NORTH LIBERTY — The five men who want to serve on the city council faced the voters Wednesday night for a public forum. The Oct. 21 event was held in the council chambers and was co-sponsored by North Liberty Development and the Iowa City Area Chamber of Commerce.
Mayor Thomas Salm will run unopposed for another mayoral term, while Councilman Gerry Kuhl was joined by challengers Brian Wayson, David Grex, and Jonathan Waller for two open council seats. Kuhl took the opportunity to formally endorse Wayson as a replacement for Councilman James Wozniak, whose term is expiring.
Local businessman Dennis Tallman, president of North Liberty Development, and Rebecca Neades, vice president and director of public policy for the Iowa City Area Chamber of Commerce, moderated the event.
Following opening remarks from each candidate, Tallman and Neades alternated asking prepared questions. Not surprisingly, Highway 965 and the rapid growth of North Liberty were mentioned frequently in questions and candidate answers.
When asked for their top three issues, all five included the growth of North Liberty.
For Grex, it’s a question of attracting more commercial enterprises to the area, and ensuring the infrastructure is there to support them. Mayor Salm, with 10 years involvement on the council, said with growth comes issues.
“All of our issues have been related to growth,” Salm said. “We need to be aware of them (the growth issues) constantly. The mayor pointed to recent improvements in the city’s waste water management and water systems as ways the city’s infrastructure is expanding in an effort to keep up.
“It’s a continual process,” he added.
Incumbent Kuhl said he wants to manage the growth the city has experienced over the past 10 years and sees “sensible spending” and partnerships with other agencies as the way to do so.
Waller, who expressed his frustration with the current state of the council in North Liberty, offered his assessment of the growth.
“I think we in some ways need to catch up,” Waller said. “That’s not to say we haven’t tried, or previous councils haven’t tried, but I still think a lot needs to be done.”
Wayson tied growth with the ongoing Highway 965 situation.
“The highway is a problem, but I think some of that has been led to by the rapid growth over the last couple of years,” Wayson said. Like the others, he wants to see the infrastructure catch up in order to encourage growth.
“The growth got a little bit ahead of us,” Salm conceded. We just got a little behind the eight ball.”
The candidates were asked what they would do if a $40 million grant for improvements to Highway 965 did not come through.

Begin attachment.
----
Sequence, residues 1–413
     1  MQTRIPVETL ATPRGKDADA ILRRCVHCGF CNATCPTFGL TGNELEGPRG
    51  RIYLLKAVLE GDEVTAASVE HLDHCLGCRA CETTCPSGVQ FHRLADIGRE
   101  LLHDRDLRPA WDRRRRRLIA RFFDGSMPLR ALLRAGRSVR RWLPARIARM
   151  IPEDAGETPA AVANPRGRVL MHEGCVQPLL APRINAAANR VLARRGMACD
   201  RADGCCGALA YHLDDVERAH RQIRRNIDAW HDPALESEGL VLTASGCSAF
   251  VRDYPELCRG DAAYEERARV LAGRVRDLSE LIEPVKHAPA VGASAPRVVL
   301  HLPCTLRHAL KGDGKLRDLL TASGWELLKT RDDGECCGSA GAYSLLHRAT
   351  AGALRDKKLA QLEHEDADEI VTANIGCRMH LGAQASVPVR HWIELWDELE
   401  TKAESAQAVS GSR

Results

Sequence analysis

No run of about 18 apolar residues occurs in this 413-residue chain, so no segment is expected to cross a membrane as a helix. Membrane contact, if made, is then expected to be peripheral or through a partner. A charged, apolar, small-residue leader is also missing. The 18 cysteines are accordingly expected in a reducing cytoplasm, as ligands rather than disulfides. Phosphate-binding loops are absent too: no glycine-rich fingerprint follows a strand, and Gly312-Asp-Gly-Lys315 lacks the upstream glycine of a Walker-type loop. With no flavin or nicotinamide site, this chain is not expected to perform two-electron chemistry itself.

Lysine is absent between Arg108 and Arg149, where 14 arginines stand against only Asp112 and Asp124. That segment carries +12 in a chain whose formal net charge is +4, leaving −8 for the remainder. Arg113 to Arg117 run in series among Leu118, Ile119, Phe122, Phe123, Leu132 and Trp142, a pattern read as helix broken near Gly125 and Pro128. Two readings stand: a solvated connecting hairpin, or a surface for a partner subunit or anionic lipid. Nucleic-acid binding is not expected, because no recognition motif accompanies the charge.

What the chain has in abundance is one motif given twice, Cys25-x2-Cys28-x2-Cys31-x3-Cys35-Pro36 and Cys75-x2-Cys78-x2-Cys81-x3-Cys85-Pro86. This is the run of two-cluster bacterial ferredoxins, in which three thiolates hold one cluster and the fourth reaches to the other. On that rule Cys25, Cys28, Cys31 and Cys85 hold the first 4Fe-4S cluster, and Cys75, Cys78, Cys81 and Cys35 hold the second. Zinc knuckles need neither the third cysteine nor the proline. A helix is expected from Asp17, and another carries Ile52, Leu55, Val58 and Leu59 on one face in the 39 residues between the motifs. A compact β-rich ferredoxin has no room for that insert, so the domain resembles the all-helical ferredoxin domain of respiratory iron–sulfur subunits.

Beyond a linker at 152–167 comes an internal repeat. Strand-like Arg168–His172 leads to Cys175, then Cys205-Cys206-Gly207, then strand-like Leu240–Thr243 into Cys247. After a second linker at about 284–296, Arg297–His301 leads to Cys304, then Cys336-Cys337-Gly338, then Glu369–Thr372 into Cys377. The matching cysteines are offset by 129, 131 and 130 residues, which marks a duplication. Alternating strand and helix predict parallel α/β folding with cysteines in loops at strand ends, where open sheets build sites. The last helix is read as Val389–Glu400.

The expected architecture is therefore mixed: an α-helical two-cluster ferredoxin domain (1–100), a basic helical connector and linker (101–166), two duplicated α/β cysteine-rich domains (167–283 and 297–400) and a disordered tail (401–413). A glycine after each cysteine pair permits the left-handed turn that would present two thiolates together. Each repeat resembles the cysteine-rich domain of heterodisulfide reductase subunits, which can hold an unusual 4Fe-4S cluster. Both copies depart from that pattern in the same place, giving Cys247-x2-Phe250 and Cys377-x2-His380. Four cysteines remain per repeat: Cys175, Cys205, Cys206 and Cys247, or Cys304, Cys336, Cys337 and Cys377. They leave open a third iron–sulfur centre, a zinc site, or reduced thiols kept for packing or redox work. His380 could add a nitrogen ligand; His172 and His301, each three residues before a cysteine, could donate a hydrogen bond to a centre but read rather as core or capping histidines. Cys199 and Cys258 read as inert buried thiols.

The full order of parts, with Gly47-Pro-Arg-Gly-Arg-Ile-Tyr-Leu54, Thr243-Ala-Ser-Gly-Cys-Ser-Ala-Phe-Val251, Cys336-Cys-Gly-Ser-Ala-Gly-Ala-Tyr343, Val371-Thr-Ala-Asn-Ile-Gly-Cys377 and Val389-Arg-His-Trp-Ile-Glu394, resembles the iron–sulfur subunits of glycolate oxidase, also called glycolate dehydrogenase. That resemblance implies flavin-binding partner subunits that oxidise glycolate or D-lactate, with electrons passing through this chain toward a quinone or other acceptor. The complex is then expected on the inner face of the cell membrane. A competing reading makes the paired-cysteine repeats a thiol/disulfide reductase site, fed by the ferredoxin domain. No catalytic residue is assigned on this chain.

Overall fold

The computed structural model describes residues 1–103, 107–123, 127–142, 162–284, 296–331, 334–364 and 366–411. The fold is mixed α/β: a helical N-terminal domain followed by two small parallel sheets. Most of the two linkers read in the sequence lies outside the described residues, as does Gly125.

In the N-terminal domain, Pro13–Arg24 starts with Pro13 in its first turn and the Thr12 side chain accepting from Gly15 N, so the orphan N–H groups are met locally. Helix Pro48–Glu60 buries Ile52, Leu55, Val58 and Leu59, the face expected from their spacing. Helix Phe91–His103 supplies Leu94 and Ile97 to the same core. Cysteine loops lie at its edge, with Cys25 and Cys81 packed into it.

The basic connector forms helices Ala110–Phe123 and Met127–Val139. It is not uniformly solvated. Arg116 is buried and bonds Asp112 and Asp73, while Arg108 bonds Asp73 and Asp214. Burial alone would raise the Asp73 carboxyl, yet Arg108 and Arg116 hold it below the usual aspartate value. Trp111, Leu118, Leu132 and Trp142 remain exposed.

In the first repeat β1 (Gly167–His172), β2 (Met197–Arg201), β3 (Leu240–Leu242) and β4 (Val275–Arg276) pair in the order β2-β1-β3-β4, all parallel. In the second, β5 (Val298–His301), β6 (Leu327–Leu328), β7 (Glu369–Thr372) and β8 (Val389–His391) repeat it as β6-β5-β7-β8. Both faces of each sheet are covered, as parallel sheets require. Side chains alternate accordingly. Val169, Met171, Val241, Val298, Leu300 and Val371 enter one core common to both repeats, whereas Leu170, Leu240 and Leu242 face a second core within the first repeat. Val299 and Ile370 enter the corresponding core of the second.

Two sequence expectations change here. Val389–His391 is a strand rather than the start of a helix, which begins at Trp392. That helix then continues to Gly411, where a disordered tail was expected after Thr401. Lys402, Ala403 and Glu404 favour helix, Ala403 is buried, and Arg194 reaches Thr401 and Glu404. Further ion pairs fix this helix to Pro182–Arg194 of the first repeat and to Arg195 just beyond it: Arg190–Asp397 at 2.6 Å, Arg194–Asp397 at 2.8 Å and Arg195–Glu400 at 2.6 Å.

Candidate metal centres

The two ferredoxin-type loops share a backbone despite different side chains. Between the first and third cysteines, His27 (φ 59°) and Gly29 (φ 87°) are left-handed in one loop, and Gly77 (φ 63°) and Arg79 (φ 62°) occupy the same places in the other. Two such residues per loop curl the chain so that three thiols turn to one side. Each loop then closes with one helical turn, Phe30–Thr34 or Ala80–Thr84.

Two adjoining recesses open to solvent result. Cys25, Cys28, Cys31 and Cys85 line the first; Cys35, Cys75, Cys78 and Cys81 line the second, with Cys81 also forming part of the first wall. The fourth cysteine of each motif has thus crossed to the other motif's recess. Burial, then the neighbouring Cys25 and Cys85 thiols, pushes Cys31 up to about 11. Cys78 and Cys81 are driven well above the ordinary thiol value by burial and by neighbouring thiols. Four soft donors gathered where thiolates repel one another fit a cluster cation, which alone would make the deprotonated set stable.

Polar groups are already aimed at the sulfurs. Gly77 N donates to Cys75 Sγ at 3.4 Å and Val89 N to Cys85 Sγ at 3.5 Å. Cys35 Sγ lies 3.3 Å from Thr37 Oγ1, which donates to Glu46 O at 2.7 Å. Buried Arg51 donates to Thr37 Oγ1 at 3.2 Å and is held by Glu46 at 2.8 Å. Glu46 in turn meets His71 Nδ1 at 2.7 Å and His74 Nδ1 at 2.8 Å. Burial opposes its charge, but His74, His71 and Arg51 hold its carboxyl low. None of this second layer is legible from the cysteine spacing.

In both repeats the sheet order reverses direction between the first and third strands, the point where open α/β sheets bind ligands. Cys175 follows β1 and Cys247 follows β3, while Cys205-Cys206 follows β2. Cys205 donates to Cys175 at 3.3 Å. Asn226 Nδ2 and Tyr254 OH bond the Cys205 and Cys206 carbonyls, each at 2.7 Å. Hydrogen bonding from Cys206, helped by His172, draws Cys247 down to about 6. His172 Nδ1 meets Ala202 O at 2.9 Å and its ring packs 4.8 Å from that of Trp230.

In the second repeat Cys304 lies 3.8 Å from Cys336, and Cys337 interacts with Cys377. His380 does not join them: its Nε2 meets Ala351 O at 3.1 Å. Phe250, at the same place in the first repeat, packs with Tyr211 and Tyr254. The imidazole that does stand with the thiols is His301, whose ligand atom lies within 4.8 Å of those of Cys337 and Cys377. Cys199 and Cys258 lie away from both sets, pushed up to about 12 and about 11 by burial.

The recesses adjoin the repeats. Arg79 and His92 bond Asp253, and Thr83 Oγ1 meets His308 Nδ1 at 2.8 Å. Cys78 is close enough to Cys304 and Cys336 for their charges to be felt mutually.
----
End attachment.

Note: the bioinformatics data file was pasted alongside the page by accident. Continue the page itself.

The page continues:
Salm compared the grant process to the lottery.
“If you win it, you’re really happy, but the odds are you aren’t going to get it. So, we’re not really planning to have that money.” Salm added tax dollars will need to be used to make the improvements while the city continues to look for grants and government help.
“The highway is going to be paid for by the citizens, essentially,” he said.
Kuhl echoed Salm in saying he would continue to look for outside sources of funding for the project, which he said would be “a long 10 to 15 years” done in seven phases. Kuhl also proposed getting the “the people who use the road,” and other “creative sources” to finance the project.
“I would look to other sources, other than the people of North Liberty,” Kuhl said.
Kuhl noted the approximately $3.5 million being spent this year on the project will add roughly 40 to 50 cents to the tax levy after it had been reduced by about 42 cents. He added the project could conceivably be done in two years, but at an additional $5 to $6 dollars per thousand on the tax levy.
“I don’t think the citizens of North Liberty would support that,” Kuhl said.
“I would also lobby very heavy in Washington,” Waller said, echoing Salm and Kuhl. In the meantime, “I think we need to start somewhere, if we need to do it in seven phases or if we need to do it in 50 phases, we need to start. We need to start doing something. It’s been a problem for many years. I’d hate to see it continue to be a problem.”
Wayson agreed with Waller’s assessment that improvements need to come quickly.
“We really need to get some turn signals and turn lanes out there, at least to improve traffic flow and improve safety,” Wayson said. “I don’t think we can expect the people who are business owners pay to for this road; it has to be a shared responsibility.\ Wayson called for a careful look at the plans